Ralph Breaks the Internet
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All Critics (21)
| Top Critics (5)
| Fresh (21)
| Rotten (0)
| DVD (3)
Jeanne Dielman is immersion cinema, a brilliant example of maximal minimalism that fuses viewer with subject so profoundly, the marathon experience transcends simple spectatorship.
Chantal Akerman's feature is one of the few 'feminist' movies that's as interesting aesthetically as politically.
Jeanne Dielman deals in unadorned facts. It's about the looks and sounds of ordinary things and people, which it records with such... unsettling clarity that it has the effect of finding threats in mundane objects and doom in [the] commonplace.
Akerman forges a major statement, not only in a feminist context but also in a way that tells us something about the lives we all live.
Mesmerizing, everything on the screen helping us follow her routine with a domestic rigor that replaces dramatic structure.
It wouldn't be the first movie I'd recommend to someone, though it is arguably more accessible than Chantal Akerman's other work, and a fine testament to her brilliance.
Maddening masterpiece in which the accumulation and repetition of details pushes a more dry ending than expected. [Full review in Spanish]
Without a doubt, this is a film by a brilliantly talented artist with a rigorous intellect, a formal sophistication, and an emotional empathy astounding for someone her age.
One of the most significant feminist works made, Jeanne Dileman is a masterwork in thematic, aesthetic, and formal-theoretical ways.
Jeanne Dielman can initially absorb, fascinate but, ultimately, ends up less than the sum of its parts
This is a very hard film to rate. It is about 3 hours of mundane detail as a housewife does chores around the house. It's the only foreign language film I have been able to watch while reading a newspaper and still follow. There is very little dialogue and even less action.
There is something about it I can't totally hate. It is ambitious in its sheer tedium.
At 1 hour 10 in, I had something else to do, so I fast forwarded through the non speaking parts.
I think it probably does have something to say about a woman's lot. At least back in the 70's when this was filmed.
My mother married in this era and had me. The decision to marry and have children was "what you did" as with the main character in this movie, though she's now widowed.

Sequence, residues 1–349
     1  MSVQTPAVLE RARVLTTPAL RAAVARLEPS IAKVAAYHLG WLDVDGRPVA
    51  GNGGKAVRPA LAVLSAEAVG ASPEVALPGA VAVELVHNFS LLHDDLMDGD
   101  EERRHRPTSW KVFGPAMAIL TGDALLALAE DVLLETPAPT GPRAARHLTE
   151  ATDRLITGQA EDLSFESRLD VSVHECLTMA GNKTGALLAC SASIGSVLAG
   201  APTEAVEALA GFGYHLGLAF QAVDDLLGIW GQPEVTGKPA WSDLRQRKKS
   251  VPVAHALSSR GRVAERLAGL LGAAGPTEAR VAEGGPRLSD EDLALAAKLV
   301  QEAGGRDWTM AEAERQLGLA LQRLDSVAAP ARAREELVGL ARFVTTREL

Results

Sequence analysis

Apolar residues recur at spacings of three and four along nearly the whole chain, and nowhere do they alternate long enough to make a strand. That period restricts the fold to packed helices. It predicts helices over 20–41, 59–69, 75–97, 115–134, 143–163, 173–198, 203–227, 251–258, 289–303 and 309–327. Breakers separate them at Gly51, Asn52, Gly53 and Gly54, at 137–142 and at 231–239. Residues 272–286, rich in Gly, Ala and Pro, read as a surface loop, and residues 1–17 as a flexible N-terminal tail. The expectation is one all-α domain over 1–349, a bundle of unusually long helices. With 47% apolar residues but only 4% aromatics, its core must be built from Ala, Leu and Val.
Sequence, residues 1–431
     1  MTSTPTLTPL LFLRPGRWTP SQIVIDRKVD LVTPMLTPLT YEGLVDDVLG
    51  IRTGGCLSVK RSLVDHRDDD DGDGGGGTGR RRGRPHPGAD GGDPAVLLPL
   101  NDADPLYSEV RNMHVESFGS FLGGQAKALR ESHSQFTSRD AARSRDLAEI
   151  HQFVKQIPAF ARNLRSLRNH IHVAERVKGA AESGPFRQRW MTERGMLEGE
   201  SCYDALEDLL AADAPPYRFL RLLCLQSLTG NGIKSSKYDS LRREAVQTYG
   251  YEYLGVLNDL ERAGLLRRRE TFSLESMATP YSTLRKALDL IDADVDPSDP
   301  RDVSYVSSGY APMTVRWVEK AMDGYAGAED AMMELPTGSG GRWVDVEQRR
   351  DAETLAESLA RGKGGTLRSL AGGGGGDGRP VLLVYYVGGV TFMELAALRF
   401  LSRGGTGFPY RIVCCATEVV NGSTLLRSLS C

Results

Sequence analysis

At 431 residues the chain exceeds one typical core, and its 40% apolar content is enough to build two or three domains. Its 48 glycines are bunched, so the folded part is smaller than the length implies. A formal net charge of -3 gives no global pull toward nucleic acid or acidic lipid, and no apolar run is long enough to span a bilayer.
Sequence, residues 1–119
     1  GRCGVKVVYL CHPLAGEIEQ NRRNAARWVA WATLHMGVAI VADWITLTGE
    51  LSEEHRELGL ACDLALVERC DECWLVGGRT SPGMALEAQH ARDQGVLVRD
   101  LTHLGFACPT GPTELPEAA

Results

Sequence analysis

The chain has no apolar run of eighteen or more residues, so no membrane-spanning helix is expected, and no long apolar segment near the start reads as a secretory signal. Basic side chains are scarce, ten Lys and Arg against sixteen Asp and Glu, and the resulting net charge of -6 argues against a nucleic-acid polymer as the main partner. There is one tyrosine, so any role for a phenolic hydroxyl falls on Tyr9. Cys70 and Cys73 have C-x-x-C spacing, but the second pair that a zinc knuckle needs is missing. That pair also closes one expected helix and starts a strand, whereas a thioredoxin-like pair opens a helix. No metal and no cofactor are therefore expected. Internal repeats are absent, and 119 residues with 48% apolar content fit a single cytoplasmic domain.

Oh, and this character "hooks" on the side, though that's mostly off screen.
There is an event to break up the extreme tedium at the very end, though I could not say it would make the three hours plus worthwhile for a majority of viewers.
You kind of have to weigh it up. It's certainly a successful exercise in boredom and isolation, but it's also three hours of your life you may wish to have back.
An emotionless widow does chores around her apartment in real time for three hours; something happens in the last ten minutes. Like Andy Warhol's "Sleep," this deliberate experiment in extended boredom serves a purpose in the film universe; it's just that that purpose isn't to be watched by an audience. The universal praise for this avant-garde prank would make a great case study for "Extraordinary Critical Delusions and the Madness of Crowds."
Chantal Akerman's "Jeanne Dielman, 23 Quai du Commerce, 1080 Bruxelles" is a feminist classic, that force the audience to see the boring, no dreams and automatic life of the title character. A portrait of the repression of the women in the world. Jeanne (Delphine Seyrig), had bad moments in her marriage, where she always receive bad critics from your husband, meanwhile she make everything at the house. When he dies, she still be a domestic slave, living a mechanic daily routine. Her work as prostitute could be seen as a metaphor for the repression that she suffer by the men.
Ms. Akerman use the long scenes and just a few words to show this empty live of Jeanne. All this looks very boring and unnecessary, but along by the film, we see that all was extremely precise for the story. Jeanne Dielman, as the majority of the housewifes, is really careful. And with just a simple gesture of: forget of turn off the light, forget of close the window or the potatoes don't stay ready in the dinner time, these little things, shock the audience, not just because she forget, but because she is do the same activity all day. These are the sign that something this going wrong and that Dielman, in the climax, express her angry in a men.
"Jeanne Dielman, 23 Quai du Commerce, 1080 Bruxelles" is a cult film with good actings and direction. A mark in experimental cinema, not for a impatient audience, this little jewel of cinema is an unforgettable film - for good or bad -. Fresh.
This is from the Criterion Collection and its the first film from that collection that I haven't purchased after watching, 3hrs and 20 min of following a widowed housewife day to day. My only question after watching this film was what the F***. 1/2 star for the fact that I wasted time watching this film. I want to meet the guy who rates this one 5 stars. I have pins for his eyes as I'm sure he will enjoy that also. 1/2 star
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